The effect of low pH on the secondary and tertiary structure of the monomeric single-disulphide protein interleukin-2 (IL2) was monitored by fluorescence and circular dichroism spectroscopy. Between pH 4 and pH 2 there is a gradual loosening of the tertiary structure as revealed by changes in tyrosine and tryptophan fluorescence emission, tryptophan fluorescence anisotropy, accessibility to the fluorescence quencher acrylamide and aromatic circular dichroism. The overall molecular size and secondary structure content are not significantly changed by acidification. These data are consistent with a 'molten globule' state for IL2 at low pH, in which the hydrophobic core/secondary structure is largely intact but the tertiary structure is flexible. Similar effects to low pH are seen at sub-denaturing concentrations of guanidine hydrochloride. Analysis of fluorescence lifetimes and derivative emission spectra of the single tryptophan, Trp-121, shows the existence of two distinct orientations for this side-chain, one of which is affected by a quenching group (the effect of which diminishes upon acidification) and another which is essentially unquenched. The identity of the quenching group is unclear but may well be Cys-125. The formation of the molten globule titrates with a pKa of about 2.3; this is unusually low for the acidic groups in proteins and indicates a perturbed pKa of a residue involved in a structurally important interaction such as a salt bridge. Candidate residues are Glu-15 or Asp-20, close to His-16 on the N-terminal helix of IL-2.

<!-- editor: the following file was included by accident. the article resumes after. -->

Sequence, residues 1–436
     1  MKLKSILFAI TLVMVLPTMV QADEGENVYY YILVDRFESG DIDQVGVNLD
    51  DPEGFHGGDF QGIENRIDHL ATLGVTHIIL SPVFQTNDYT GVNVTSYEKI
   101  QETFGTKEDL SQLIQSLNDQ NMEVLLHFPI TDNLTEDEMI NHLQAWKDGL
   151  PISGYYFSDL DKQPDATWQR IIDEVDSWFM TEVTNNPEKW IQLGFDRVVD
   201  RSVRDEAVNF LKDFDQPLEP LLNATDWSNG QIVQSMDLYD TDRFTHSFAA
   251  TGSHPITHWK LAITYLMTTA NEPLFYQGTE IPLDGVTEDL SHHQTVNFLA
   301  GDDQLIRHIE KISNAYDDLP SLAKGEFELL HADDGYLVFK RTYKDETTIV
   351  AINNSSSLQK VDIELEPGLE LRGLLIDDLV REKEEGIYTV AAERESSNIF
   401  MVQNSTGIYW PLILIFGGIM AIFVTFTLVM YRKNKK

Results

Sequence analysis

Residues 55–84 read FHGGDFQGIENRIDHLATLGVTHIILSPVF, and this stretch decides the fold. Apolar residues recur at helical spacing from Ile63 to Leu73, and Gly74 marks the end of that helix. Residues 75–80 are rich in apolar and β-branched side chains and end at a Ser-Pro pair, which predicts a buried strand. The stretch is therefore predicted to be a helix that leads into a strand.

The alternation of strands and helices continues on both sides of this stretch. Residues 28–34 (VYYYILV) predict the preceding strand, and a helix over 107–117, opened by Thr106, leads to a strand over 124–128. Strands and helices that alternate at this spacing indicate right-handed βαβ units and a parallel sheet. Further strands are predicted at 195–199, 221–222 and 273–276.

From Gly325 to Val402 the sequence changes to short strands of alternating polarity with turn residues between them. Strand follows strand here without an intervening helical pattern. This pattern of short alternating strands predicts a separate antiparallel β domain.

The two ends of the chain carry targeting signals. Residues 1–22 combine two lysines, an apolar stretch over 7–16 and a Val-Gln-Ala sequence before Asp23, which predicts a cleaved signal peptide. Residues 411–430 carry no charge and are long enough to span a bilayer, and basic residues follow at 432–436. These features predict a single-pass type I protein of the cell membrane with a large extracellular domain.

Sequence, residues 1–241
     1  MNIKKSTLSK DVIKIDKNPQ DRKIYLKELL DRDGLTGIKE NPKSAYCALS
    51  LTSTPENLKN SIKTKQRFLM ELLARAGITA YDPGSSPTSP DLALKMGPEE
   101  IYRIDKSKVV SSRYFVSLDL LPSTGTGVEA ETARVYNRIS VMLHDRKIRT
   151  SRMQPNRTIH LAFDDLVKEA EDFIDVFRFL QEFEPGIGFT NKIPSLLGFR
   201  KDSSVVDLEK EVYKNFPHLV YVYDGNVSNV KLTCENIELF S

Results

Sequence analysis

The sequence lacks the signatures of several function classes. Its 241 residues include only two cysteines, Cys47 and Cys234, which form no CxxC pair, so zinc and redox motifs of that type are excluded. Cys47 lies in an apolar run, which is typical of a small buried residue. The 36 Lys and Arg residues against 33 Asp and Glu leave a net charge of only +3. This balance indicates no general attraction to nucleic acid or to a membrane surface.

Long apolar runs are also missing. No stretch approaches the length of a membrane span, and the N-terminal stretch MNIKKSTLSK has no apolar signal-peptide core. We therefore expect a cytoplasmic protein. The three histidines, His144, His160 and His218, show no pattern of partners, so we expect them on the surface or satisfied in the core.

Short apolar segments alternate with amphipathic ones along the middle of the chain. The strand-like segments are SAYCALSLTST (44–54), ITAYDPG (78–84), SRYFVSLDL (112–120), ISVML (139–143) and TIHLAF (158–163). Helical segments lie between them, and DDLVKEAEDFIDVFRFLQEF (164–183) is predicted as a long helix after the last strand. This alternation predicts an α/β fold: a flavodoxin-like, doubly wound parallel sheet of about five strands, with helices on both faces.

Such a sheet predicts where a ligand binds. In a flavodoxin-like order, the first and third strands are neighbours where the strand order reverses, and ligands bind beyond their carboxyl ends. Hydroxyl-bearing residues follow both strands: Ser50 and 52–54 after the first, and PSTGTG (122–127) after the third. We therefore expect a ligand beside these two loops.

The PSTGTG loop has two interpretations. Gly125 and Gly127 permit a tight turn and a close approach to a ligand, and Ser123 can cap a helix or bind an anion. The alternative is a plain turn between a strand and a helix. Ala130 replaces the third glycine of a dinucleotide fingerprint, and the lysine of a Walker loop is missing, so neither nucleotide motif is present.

|Number of pages||7|
|Journal||BBA - Biomembranes|
|Publication status||Published - 1991|